It’s a late-September morning and paramedic Darren Forman steps up to a front door showered with dried corn stalks and fall-themed decor. Forman, holding a bag in one hand and a scale in the other, has arrived for his second appointment of the day.

Ashley Newkirk, 31, opens the door. Right inside the house hang spooky-themed wedding photos with her husband.

“I love fall,” Newkirk said. “We got married on Halloween. It's our favorite.”

Monday Night Special-The Climate Change Question

Oct 25, 2021


The Monday Night Special for October 25 at 9pm

The Climate Question -  What will it take for countries to keep their climate promises? World leaders will arrive at a global climate summit with a promise on how they’re going to reduce greenhouse gas emissions.  Will it be enough to limit global warming? Find out more here.

Peter Barritt / Superstock, via Alamy

Trying to figure things out has been an expression of my essential optimism, it seems to me, over the course of my lifetime. “Recognize problems, solve them, and make things better” makes sense to me, as easy to understand as picking up after myself.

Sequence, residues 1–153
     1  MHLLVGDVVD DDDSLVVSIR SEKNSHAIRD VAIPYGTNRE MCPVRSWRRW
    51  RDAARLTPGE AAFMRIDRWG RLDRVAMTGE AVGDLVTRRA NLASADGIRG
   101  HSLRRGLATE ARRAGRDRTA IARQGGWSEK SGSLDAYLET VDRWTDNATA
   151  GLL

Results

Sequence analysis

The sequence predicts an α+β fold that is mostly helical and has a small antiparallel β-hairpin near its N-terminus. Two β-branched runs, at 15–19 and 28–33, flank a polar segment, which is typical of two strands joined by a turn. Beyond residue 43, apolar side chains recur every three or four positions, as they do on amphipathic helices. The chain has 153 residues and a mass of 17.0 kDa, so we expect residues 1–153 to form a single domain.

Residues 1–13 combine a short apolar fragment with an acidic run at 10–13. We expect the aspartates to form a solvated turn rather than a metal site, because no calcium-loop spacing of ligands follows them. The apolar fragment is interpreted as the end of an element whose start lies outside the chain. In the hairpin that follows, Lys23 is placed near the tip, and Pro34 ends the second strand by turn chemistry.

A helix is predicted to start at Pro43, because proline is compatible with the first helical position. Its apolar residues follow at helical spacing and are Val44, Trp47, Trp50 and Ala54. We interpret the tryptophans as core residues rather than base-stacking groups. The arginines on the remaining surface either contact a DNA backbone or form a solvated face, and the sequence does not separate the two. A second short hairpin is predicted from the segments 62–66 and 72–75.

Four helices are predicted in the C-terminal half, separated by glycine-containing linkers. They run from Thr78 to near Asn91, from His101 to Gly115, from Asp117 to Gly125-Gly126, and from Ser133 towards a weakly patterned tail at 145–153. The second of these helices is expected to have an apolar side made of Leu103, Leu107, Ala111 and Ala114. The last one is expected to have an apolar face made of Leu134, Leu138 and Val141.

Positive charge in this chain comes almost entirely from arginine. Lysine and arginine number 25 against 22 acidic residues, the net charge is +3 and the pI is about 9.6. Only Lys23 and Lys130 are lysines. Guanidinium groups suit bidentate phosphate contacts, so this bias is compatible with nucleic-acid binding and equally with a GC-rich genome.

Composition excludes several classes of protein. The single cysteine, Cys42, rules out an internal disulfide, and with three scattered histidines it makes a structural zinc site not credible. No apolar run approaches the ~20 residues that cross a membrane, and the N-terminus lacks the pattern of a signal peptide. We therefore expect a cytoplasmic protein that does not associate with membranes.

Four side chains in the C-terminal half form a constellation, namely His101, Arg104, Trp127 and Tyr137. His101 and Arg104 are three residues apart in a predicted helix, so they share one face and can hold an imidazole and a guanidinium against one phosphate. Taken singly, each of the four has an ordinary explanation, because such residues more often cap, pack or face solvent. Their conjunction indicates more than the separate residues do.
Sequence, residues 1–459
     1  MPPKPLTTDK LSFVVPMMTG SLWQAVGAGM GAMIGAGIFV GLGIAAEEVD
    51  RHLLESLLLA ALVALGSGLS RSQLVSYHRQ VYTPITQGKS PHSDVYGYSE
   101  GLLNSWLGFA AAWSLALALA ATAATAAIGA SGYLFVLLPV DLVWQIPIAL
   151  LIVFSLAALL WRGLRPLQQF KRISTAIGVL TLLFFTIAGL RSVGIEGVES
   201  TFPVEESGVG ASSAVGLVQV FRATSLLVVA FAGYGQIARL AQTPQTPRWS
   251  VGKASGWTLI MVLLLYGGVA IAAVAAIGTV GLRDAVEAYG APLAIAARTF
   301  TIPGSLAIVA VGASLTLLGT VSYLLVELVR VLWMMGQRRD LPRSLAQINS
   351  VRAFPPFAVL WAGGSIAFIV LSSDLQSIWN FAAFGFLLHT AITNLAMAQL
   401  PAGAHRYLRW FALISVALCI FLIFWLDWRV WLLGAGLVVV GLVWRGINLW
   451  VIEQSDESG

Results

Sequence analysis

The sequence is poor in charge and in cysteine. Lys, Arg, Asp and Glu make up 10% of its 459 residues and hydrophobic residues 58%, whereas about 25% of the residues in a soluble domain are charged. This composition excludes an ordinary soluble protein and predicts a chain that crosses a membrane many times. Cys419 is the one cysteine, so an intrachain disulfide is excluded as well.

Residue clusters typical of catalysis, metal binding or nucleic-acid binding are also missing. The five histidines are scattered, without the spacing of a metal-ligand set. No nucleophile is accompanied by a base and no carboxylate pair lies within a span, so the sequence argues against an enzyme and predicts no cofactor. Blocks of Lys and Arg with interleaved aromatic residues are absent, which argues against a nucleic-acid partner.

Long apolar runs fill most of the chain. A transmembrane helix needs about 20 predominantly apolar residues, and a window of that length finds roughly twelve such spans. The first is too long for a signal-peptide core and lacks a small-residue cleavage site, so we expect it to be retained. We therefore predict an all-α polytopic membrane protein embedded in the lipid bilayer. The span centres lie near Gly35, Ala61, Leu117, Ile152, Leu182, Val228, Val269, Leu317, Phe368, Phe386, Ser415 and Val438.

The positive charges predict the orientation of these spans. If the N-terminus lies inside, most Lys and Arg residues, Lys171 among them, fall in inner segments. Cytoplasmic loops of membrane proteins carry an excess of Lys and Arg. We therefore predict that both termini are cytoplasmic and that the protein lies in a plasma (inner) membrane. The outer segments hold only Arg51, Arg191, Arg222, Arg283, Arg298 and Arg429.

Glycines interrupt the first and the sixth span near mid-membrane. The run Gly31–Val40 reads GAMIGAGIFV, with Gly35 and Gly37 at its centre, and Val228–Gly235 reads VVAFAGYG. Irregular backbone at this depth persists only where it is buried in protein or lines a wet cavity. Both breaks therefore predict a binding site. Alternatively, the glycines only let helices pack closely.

I’m a child of the Enlightenment, I suppose, a believer in logic and evidence and reason, and like my parents and grandparents, progress, social progress, that will make the world a better place than it was for me for our children and our grandchildren.


In Deep: One City's Year of Climate Chaos

Oct 18, 2021

Monday, October 18, 2021 at 9 PM

Climate change has long been a threat that loomed in the future, the stuff of computer modeling and expert forecasts, an issue many policymakers treated as a theoretical calamity we wouldn’t confront for years to come. But no longer. Communities across the United States are experiencing the effects of climate change in the here and now. Floods, fires, mudslides and storms — fueled by a warming climate — are devastating homes, towns and lives.